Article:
We have Indian food that is made for us over at the cafeteria and then fresh fruits and vegetables cut up by the volunteers. As we are eating, we each share our low and high from the day. We had an awesome session that just ended and it was so fun to share everyone's experiences. Even our children share their highs and lows and it is really fun. Tonight, we ate had dinner inside our house since it was just our family and the long term coordinators. Cohen surprised me tonight by opening up his journal and sharing his note from the tooth fairy. (He wrote a note asking the tooth fairy where she lives. And the tooth fairy left a note for him explaining that she lives in an empty coconut shell high up in a tree!) It was adorable and I was so excited to see him becoming so comfortable with this group of college kids.
Speaking of Cohen, he has lost not one, not two, but THREE teeth since we have been here and each time he has gotten over 30 rupees (fifty cents) from the tooth fairy. ; )
FAT CHANCE, Cohen! ; )
Another part of our every (week)day life is our beautiful house cleaner...Selvi. She speaks almost no English, but we tell her Nandri (thank you) every day. She sweeps, mops, takes out the trash, and cleans the bathrooms. She also does the dishes if we have not gotten to them, so now I make sure that one of the girls does the dishes every morning before she arrives.
One day, I came in the front door and the girls called out to me..."Mom, come and see. Selvi is doing Liberty's henna." They had been fiddling around with some henna they bought at the Junction (a very crazy little intersection about 2 or 3 miles away that has a number of little ramshackle shops.) I guess she came over and motioned that she would do it. I was so delighted that there had been some small connection with her. A couple days earlier, I had been over in the Volunteer hostel and she walked past me into the common room and said "Family". Then she went and got out one of the children's memory books and it turns out that two of her sons go to school here at Rising Star and there was a family photo in his memory book. I was so happy that she wanted to show me her family.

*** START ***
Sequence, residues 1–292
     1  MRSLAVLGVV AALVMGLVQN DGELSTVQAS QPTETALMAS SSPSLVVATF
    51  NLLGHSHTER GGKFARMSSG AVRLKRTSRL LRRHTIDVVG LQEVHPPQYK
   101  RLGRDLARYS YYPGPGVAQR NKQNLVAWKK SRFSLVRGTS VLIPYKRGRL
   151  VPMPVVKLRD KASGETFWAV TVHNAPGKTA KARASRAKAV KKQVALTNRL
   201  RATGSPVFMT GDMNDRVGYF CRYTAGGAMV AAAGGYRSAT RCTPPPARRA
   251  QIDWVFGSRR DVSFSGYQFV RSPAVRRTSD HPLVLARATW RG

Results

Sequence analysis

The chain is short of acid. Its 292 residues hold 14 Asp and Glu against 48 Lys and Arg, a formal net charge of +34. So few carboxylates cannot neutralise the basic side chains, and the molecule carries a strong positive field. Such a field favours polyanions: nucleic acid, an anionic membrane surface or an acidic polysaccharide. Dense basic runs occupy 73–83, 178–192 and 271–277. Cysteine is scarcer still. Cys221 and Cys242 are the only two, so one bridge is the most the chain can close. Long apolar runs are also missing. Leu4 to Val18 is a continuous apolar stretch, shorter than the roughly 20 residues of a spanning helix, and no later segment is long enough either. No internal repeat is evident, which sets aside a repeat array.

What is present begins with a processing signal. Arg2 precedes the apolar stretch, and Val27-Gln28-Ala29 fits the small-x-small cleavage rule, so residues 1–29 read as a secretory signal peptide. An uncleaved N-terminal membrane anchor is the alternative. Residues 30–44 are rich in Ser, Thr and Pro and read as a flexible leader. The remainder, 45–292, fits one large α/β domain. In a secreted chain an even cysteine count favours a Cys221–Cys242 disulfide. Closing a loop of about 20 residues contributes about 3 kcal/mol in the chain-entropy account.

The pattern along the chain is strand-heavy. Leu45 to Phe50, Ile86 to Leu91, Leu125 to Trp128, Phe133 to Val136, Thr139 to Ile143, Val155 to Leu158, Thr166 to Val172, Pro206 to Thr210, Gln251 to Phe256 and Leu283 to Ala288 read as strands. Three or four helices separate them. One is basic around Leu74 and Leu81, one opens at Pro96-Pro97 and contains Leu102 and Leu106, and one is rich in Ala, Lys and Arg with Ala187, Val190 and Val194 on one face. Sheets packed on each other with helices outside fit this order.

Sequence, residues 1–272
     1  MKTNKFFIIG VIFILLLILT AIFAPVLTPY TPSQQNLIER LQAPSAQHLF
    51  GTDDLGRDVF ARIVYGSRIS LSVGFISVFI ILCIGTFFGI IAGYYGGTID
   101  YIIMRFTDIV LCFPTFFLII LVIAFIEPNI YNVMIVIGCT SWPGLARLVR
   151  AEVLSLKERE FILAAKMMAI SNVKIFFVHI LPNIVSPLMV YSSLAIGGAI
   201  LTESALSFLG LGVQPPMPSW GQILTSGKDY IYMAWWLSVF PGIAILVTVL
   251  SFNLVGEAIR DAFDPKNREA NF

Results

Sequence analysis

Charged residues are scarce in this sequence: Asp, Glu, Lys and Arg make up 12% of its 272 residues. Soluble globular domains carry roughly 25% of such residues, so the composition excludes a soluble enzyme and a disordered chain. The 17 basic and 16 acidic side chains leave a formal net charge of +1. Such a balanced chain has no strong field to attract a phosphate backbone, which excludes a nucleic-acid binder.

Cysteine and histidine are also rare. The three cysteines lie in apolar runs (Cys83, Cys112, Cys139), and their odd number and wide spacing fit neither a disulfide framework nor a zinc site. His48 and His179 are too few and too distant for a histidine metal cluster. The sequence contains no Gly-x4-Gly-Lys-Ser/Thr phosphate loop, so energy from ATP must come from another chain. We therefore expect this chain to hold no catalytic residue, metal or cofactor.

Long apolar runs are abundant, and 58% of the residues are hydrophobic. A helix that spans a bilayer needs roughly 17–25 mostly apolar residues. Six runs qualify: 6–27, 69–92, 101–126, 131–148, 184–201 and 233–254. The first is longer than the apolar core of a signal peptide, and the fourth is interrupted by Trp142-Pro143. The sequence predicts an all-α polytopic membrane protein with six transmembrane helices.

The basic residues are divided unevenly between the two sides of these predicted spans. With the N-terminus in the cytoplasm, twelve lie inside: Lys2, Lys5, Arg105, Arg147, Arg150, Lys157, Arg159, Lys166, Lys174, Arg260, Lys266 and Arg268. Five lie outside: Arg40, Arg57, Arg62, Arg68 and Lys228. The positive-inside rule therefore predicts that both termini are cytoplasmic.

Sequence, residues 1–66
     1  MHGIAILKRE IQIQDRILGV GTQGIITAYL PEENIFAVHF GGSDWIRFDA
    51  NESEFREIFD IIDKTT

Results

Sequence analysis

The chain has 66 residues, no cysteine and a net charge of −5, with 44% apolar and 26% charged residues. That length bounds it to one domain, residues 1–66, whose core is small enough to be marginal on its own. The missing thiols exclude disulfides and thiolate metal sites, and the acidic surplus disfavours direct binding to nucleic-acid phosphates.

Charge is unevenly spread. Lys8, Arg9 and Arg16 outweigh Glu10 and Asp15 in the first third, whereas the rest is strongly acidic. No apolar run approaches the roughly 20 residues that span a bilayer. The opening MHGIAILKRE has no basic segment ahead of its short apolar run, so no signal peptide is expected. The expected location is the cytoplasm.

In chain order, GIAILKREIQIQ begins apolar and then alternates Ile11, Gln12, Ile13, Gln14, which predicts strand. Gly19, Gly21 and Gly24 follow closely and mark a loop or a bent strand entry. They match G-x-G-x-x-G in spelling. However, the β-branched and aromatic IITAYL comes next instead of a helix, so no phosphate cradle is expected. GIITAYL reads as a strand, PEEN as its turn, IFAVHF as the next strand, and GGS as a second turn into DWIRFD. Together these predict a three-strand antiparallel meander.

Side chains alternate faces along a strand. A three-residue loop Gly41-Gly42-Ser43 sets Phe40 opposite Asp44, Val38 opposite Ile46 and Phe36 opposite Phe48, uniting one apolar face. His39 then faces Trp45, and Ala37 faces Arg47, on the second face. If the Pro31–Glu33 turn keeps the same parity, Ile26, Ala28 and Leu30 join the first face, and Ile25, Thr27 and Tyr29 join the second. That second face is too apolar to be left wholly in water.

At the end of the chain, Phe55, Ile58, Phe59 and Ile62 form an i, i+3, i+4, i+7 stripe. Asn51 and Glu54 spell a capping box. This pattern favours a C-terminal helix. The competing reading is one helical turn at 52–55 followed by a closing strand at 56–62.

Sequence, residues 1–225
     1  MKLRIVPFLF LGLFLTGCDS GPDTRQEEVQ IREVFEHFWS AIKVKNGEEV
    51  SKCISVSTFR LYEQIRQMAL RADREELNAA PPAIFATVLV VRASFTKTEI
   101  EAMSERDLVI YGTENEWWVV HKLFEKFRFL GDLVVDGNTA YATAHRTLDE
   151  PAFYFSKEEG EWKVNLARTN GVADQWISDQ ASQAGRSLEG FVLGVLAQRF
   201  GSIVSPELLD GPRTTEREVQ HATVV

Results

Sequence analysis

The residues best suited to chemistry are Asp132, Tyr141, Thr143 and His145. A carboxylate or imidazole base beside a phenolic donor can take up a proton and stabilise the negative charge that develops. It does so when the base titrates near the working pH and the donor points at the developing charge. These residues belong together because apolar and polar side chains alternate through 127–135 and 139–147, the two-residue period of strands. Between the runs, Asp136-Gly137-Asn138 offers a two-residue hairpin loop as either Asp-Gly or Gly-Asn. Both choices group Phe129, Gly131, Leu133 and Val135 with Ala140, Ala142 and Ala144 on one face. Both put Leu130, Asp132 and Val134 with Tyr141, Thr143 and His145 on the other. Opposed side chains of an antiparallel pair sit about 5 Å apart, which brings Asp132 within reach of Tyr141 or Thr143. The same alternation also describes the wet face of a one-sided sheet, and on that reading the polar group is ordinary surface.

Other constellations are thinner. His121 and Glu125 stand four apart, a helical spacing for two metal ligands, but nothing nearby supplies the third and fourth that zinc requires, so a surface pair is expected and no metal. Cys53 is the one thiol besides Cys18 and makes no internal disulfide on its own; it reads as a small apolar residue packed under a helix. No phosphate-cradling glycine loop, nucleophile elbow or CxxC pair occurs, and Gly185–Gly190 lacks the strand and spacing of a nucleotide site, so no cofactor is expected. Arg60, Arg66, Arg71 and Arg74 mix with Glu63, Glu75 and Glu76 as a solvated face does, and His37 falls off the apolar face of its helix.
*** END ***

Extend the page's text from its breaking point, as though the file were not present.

I want to get a picture of her sweeping one day. Their brooms are actually quite graceful and there is something peaceful and calm about their sweeping.
She also did Avery's hand that day...
Selvi has four children (which is quite rare in India). They are all boys and they all come to Rising Star. We have met them all and they are such good kids. They some of the beat behaved kids in the whole school. Their names are Ashok, Vijay, Moorthy, and Karthik. (The th always sounds just like a t.) The two older ones live here at the school and the two younger ones live at home with their parents in the nearby village called Thottanaval.
India, as I am sure you know, is extremely overpopulated and so the government is very active in family planning campaigns. In fact, almost since day one I have wondered about a saying that is painted on the back of most trucks. "WE TWO. OURS ONE." Turns out it is a family planning slogan. We also see "ONE IS BEST" everywhere. When we asked our director about it (we were on a long drive with her and kept seeing the slogans) she explained that the government offers free sterilization after the first pregnancy. Also, whenever there is a tubal ligation or vasectomy (even after two or three kids), that family will receive rice and money from the government! And some schools offer a free education if your child is an only child! Isn't that interesting?
It is a different world over here. But we are loving the adventure.